Chattanooga Police Department crime scene investigator Sgt. Heather Williams examines a shell casing at the scene of a shooting Monday at the intersection of Wilson Street and North Orchard Knob Avenue. Police reported the victim, who was shot three times by a black male in a black Honda, is currently in stable condition.Photo by Doug Strickland.
It's a scene that is all too familiar for Avondale residents. It starts with a dispute. Gunshots follow with people retreating. A young black man lies in the street until paramedics arrive.
"I saw the young man laying in the street, and I pulled my shirt off to apply pressure to the wounds. I don't even know who he is. He was shot in the back about this far back from his spine," said 48-year-old Sonya Rawlings, holding her index finger less than an inch away from her thumb. "And in his right leg and in the bottom of his foot."
The crime scene tape strung across neighborhood streets forced traffic to be rerouted Monday afternoon. Investigators used pieces of paper to mark evidence where shell casings landed near the intersection of North Orchard Knob Avenue and Wilson Street.
Rawlings, who folded up her blood-stained shirt to take home to wash, spoke and stared as investigators worked to document the scene and interviewed bystanders.
"He just kept saying, 'I don't know why they shot me. I'm trying to go to work.' He had on work clothes," she said, noting a back brace and what appeared to be clothes worn for painting.
As of Monday afternoon, police identified the 26-year-old man who was shot three times as Montez "Butchee" McClendon. He was listed in stable condition at a local hospital and expected to be released, said Officer Tim McFarland at the scene.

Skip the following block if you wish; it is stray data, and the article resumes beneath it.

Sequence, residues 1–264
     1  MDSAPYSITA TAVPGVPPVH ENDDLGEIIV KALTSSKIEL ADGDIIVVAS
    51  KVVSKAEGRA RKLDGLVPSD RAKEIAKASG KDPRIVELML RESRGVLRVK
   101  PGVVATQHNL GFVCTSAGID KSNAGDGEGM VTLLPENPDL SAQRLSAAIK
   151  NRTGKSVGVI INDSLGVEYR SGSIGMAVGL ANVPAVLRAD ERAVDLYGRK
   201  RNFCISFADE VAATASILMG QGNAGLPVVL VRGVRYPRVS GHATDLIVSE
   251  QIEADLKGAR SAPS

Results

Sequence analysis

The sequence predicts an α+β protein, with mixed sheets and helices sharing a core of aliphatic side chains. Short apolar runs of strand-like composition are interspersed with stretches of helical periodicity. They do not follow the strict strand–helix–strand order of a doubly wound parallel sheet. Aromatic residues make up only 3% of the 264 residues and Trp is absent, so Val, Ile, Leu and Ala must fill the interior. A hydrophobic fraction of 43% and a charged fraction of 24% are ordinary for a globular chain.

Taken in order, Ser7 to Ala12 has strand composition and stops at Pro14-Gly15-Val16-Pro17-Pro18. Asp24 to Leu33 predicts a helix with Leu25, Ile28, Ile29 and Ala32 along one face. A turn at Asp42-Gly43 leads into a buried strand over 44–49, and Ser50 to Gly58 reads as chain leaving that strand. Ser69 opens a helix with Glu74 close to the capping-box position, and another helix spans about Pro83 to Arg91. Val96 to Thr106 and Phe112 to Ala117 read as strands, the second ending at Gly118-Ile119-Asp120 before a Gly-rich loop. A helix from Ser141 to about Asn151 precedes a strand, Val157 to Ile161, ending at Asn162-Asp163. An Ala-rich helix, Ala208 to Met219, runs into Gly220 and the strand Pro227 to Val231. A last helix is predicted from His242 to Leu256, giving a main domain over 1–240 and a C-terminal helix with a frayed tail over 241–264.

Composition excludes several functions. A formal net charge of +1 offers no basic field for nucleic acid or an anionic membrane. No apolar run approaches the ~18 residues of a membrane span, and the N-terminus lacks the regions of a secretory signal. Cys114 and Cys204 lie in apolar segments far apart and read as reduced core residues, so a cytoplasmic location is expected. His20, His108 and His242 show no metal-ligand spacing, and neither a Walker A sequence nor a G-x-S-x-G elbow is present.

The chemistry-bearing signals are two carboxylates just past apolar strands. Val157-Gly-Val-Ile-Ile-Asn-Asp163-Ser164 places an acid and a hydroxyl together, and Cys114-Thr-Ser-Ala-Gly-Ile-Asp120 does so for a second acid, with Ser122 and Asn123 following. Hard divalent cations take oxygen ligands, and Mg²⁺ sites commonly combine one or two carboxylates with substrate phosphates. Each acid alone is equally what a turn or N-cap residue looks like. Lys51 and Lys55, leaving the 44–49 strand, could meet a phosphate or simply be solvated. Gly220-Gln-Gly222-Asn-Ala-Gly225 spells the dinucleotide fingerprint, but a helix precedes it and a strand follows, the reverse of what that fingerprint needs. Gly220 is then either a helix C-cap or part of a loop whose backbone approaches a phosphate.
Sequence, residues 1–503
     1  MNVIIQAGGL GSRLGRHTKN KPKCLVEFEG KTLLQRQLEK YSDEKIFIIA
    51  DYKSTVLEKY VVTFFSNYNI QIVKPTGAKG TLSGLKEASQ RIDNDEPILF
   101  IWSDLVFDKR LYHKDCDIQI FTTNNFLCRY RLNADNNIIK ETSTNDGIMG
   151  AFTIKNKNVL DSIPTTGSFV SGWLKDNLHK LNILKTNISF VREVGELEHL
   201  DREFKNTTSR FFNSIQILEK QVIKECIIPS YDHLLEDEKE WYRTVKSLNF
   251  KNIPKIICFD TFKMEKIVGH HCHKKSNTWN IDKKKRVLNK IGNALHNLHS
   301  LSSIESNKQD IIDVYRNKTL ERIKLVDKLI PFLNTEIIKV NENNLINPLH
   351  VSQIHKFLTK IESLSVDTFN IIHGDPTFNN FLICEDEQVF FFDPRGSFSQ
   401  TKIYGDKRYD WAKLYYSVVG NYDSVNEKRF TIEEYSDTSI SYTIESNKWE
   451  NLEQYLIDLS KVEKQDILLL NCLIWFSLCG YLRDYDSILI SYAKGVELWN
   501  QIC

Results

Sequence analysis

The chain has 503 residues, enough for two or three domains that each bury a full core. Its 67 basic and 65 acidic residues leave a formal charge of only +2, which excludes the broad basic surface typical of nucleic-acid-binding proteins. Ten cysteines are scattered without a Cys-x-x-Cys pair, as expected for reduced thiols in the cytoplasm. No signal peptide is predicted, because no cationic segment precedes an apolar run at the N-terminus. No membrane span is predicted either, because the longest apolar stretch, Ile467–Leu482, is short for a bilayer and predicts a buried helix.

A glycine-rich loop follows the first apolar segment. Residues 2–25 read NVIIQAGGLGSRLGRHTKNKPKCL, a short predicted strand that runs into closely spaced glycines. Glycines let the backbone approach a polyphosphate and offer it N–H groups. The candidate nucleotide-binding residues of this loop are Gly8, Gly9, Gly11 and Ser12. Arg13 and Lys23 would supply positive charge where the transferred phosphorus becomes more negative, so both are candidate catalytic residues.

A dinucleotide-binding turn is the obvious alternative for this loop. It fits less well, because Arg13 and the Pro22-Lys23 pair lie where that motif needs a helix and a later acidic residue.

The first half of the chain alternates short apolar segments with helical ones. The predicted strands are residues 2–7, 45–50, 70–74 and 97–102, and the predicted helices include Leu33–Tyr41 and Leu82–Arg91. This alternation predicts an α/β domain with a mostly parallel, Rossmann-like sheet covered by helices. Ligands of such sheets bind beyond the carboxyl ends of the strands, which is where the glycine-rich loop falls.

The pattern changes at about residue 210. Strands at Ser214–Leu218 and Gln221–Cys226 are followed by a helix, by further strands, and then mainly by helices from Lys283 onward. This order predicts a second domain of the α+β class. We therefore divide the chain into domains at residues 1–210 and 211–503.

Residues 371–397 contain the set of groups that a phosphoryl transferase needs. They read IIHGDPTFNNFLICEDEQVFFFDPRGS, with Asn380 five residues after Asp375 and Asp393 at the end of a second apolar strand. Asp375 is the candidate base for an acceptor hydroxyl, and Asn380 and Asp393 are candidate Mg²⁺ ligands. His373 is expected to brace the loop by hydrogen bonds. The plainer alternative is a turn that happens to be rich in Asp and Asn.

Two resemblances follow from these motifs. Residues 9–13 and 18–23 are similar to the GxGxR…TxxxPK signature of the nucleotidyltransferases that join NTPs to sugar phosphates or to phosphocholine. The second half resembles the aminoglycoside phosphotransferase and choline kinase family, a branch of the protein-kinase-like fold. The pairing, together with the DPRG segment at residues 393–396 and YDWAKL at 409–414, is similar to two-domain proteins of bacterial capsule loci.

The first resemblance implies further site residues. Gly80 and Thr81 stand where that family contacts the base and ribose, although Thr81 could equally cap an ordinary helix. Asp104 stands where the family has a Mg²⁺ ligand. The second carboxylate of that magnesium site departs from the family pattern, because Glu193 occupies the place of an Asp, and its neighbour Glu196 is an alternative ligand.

The suspected gunman was last seen driving away in a black Honda Accord.
Chattanooga has now exceeded the number of shootings for 2012. Year to date, there have been at least 104 shootings with 121 people shot or killed. In 2012, there were 103 shootings with 122 people injured or killed.
Rawlings doesn't expect things to improve in the neighborhood where several shootings -- some fatal -- happen each year.
A few years ago she held a 17-year-old as he died in her arms from gunshot wounds on North Orchard Knob Avenue.
"I'm still dealing with that and living with that. I did a serenity prayer with that young man. He had a little smile on his face. A tear rolled out of his eye. Then his eyes set and his head fell to the side," Rawlings said. "So when the paramedics came they didn't ask me to move or anything. They just stood there beside me and did what they needed to do. They asked me if I knew him, and I didn't really know him, but I stayed right there with him until he took his last breath."
She is ready to leave the neighborhood.
"I'm going to go try and find me a newspaper and find me a house and get on out of here," she said.
Some people have lost faith in God and in each other, she said.
"There's so many people afraid to reach out to [the young men]," Rawlings said.
Rawlings counts her blessings, though. To end up shot, sometimes all it takes is being at the wrong place at the wrong time.
"He had stopped to ask to use my grandson's phone about 30 minutes before the shooting. I keep thinking what if they had pulled up and started shooting with me and my grandson standing there on the porch. ... I just try to keep my kids in the house and out of the neighborhood."
This isn't the first time police have investigated a shooting where McClendon was wounded.
Earlier this year, on Jan. 9, McClendon was shot and wounded in the 900 block of Roanoke Avenue.
In April 2008, he was shot and wounded in the leg in the 2400 block of Fifth Avenue.
His arrest record in Hamilton County consists of nonviolent offenses including criminal trespassing, theft and drug possession.
On Monday afternoon, Rawlings tried to calm McClendon down.
"I just talked to him and told him ... I needed him to be really still," she said. "He was cursing and in a rage. I think the adrenaline is what kept him from passing out."
Anyone with information is asked to call Chattanooga police at 698-2525.
Contact staff writer Beth Burger at email@example.com or 423-757-6406. Follow her on Twitter at twitter.com/abburger.
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